thing I mean -- please forgive me for mentioning it -- is love,
 Christian love, or compassion. If you feel this, you have a
 motive for existence, a guide in action, a reason for courage, an
 imperative necessity for intellectual honesty. If you feel this,
 you have all that anybody should need in the way of religion.

These are the words of Bertrand Russell, a confirmed materialist,
a thoroughgoing rationalist, a disbeliever in the psychic and the
occult. They are from his latest publication, THE IMPACT OF
SCIENCE ON SOCIETY, issued on his eightieth birthday a month and
a half ago. He pleads for the removal of distrust between East
and West. He finds the ways and means that are being used or
recommended "silly." He looks to time to bring wisdom.
Meanwhile, he offers his own remedy, quoted above, which is a
teaching of the many saints and of all sages of all times.

It is the ancient teaching repeated by Jesus, coming after the
Buddha, as it was by Lao Tzu of China, Buddha's contemporary.
There are others. In our own days, Gandhiji demonstrated the
profound significance of that verity which is the center of the
true Religion of Life, whatever the name. By it not only
individuals but nations also can live in peace and progress in
harmony. That ancient teaching which the Tathagata Himself
repeated is, "Hatred ceaseth not by hatred but by love -- this is
the Eternal Law." Bertrand Russell repeats this. The teaching is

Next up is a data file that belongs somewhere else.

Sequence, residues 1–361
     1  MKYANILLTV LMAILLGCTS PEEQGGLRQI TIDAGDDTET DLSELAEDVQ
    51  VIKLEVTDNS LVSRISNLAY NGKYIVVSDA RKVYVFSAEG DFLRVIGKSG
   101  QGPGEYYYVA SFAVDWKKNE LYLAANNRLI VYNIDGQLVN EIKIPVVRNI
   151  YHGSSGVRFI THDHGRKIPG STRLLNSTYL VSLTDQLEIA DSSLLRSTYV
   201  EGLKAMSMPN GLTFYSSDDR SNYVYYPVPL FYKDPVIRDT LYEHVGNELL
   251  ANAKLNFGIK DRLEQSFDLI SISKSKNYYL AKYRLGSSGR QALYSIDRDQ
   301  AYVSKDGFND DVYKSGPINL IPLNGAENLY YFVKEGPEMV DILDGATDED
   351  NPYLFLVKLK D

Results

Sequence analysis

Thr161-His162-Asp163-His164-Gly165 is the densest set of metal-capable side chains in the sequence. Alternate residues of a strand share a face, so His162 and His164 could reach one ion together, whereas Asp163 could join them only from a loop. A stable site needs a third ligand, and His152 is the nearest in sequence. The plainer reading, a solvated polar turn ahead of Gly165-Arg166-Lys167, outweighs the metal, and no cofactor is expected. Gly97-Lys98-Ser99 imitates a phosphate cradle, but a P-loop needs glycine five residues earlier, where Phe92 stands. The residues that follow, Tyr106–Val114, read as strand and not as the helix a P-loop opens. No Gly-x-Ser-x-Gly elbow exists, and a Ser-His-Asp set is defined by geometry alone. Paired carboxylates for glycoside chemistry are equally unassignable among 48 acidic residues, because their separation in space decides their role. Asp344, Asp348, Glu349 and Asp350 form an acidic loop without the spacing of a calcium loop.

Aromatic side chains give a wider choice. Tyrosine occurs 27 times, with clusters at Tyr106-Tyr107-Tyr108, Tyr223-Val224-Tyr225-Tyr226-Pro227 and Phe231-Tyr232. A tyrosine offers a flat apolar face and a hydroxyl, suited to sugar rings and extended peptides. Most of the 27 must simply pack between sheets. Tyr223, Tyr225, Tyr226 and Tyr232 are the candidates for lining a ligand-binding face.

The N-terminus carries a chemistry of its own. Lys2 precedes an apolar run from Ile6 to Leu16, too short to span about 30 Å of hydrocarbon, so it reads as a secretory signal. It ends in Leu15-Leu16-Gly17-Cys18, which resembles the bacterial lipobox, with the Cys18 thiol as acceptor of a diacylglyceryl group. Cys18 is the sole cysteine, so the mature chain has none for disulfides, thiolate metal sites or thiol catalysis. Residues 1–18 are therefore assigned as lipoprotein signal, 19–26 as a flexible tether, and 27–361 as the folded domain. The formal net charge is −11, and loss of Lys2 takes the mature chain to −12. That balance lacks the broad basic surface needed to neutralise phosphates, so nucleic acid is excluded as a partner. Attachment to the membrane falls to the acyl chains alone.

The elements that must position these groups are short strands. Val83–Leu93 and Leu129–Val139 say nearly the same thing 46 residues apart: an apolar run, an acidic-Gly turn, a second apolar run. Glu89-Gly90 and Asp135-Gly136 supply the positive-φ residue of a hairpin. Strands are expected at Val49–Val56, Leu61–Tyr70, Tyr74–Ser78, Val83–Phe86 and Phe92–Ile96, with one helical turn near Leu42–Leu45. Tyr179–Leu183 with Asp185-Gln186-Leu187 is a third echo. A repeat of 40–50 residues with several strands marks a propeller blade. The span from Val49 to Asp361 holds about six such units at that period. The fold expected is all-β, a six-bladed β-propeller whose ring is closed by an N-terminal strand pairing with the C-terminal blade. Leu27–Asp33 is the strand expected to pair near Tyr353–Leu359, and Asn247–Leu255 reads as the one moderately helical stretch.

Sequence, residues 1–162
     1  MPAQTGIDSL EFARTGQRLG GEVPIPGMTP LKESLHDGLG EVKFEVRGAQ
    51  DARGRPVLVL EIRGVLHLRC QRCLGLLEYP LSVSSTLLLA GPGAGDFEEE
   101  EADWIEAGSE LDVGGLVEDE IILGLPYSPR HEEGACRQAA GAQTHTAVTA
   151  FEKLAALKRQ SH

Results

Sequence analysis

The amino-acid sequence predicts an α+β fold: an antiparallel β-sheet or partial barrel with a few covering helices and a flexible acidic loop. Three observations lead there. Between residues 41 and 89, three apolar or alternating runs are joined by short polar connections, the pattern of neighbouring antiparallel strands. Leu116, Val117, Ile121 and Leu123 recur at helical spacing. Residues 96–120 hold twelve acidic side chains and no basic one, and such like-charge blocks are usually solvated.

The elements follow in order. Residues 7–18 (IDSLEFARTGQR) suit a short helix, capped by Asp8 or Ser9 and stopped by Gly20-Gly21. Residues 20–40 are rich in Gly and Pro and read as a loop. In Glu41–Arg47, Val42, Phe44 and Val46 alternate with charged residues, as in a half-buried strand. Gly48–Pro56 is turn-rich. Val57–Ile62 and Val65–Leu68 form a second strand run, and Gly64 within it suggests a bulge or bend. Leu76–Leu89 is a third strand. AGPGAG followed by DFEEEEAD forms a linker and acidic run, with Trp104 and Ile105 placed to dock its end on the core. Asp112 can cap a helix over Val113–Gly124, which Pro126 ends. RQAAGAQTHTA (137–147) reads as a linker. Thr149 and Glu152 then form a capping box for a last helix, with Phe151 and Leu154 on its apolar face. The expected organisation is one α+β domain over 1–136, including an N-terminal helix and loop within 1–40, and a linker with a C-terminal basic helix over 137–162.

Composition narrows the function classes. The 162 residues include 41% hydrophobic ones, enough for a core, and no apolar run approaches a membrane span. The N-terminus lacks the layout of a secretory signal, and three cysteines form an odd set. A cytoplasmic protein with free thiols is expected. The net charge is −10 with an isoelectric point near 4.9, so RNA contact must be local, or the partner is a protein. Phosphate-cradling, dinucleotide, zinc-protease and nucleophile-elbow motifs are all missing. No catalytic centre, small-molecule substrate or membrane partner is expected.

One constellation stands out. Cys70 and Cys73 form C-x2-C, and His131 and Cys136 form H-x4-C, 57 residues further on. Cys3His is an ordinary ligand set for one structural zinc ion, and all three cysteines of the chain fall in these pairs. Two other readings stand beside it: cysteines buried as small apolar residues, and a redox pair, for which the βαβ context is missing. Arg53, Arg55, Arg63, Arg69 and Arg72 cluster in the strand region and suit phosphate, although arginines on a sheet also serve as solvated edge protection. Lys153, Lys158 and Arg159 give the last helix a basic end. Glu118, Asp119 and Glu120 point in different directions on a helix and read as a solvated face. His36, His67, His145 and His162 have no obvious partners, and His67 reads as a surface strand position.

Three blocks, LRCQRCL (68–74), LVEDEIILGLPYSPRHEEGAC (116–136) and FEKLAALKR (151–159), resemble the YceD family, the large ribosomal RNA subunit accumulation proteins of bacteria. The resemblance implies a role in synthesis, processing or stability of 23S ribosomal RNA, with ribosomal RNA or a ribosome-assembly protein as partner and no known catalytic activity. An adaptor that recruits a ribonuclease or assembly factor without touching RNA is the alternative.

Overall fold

scientifically sound, psychologically accurate, and morally true.

Almost at the same time, India's great Prime Minister expressed
his conviction justifying his foreign policy. His words give
support to the sage advice of Bertrand Russell and show how deep
an impress Gandhiji's influence has made on the heart of
Jawaharlal Nehru:

 Let us understand the historic currents in the present phase of
 human history, when we stand on a verge that may lead to grave
 disaster or to a new world. The way of war, including what is
 called COLD WAR, is not the way we or any country should pursue.
 It coarsens and degrades people because we tend gradually to live
 a life surrounded by hatred and anger and violence. It passes my
 comprehension how, after a terrific war, you can rapidly build up
 any social or economic order that you may aim at, because it will
 take generations just to get rid of the ravages of war. It also
 passes my comprehension how some people who dislike communism and
 make it an enemy, think they are going to put an end to communism
 by war.

This moral, religious, and spiritual teaching is influencing an
increasing number of people. Sword cannot kill Satan. Wars
cannot destroy War. Violence cannot overcome violence. These
are trite axioms for the religiously minded and principles for
practice for the spiritual aspirant. Yet within them lies the
seed idea from which the true ideology will grow. Therefore, we
must welcome such words as these of the famous Pastor Niemoller.
Recognizing that Stalinist Communism is not acceptable to the
West and referring to the view that "the one alternative to stop
it naturally seems to be war," he said:

 Nobody believes that war really will be an effective means